Maryland trio Trans Am embark on their tenth studio album, aptly titled Volume X. While TA are deft at cracking musical codes with ease, there is a coldness to Volume X that makes it feel a bit hollow. Several tracks are short in length (see: “K Street,” “Backlash,” and “Failure”), giving an unfinished air, while others give off the feeling of a group out to entertain themselves (see: ”Reevaluations” and “I’ll Never”).

Despite all the characteristic genre tangles and the arduous inside jokes, TA do manage several key cuts on Volume X that expose their importance as a band and why they should be heralded as such. “Night Shift,” “Megastorm,” and “Insufficiently Breathless” all characterize what makes TA the force that they are. The trio can create a soundscape with more reverence and tact than any other contemporary group going – in fact, many contemporaries would have little to pull from without their existing discography. It can safely be stated that TA are the best ambient/krautrock band to happen in the past 30 years but they rarely show it, usually offering only a few cuts on each record that specifically cite what they do best. Even more maddening is the fact that these specific cuts on Volume X are not only as good as the godheads (Can, Harmonia, Cluster, Eno, and Neu!), but that they also continue to move their ideas forward.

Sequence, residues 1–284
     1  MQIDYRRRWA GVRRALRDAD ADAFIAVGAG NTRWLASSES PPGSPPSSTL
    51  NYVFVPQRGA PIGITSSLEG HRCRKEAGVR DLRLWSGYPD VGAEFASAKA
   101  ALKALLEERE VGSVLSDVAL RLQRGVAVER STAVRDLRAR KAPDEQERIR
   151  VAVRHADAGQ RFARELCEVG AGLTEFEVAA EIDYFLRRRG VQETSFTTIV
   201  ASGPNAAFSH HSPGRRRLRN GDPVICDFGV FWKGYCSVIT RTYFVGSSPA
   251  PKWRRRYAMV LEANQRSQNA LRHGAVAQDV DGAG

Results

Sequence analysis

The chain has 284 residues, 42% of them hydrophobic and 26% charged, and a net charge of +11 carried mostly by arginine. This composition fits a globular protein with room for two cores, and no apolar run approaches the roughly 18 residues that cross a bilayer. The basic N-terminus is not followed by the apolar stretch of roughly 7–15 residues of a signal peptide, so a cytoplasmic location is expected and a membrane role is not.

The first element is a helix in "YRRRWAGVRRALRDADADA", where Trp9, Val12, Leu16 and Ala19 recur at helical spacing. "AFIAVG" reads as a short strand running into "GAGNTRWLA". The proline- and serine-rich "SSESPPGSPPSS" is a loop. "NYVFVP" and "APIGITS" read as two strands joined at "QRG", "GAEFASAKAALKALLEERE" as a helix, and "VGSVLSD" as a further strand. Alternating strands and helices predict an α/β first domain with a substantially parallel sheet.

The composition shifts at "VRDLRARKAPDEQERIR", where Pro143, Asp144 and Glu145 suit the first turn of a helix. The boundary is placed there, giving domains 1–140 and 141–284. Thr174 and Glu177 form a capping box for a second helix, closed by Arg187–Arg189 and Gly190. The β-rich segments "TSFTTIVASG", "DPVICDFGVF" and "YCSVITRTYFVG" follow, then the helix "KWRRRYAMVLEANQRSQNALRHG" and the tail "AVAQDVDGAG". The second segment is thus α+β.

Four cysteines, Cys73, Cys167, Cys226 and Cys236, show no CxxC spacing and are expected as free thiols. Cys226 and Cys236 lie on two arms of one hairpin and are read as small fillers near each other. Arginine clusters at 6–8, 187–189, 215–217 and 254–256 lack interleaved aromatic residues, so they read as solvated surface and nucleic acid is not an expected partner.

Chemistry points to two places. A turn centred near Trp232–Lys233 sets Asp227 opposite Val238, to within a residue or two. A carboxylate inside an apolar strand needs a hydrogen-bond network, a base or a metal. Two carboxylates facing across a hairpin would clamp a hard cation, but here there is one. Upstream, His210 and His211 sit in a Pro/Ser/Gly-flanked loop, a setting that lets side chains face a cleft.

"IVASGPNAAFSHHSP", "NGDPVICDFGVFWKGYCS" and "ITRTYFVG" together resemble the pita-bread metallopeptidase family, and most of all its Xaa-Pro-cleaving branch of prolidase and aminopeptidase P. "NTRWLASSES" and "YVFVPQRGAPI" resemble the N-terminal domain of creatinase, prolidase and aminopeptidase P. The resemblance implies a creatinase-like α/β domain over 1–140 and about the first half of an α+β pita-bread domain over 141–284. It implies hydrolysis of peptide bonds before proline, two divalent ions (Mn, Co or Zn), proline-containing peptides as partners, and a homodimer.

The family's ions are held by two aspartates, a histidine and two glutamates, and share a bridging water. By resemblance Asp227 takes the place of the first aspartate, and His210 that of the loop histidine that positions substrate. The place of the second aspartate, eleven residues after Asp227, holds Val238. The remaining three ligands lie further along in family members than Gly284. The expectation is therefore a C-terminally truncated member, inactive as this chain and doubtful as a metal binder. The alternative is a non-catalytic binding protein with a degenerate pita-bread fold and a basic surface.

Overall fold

Volume X feels like you walked in on a party that you were invited to, but by people you don’t really know very well. This allows the listener the ability to hear the music but doesn’t give them any insight into the group’s true mindset or allow them to participate. This is what is vexing about the trio and what keeps them from being the acclaimed band they deserve to be. TA can be otherworldly with bits and pieces of their catalogue to prove it. Volume X adds more stray brilliance to the set, but it’s not the release that will denote the band’s significance.

Thrill Jockey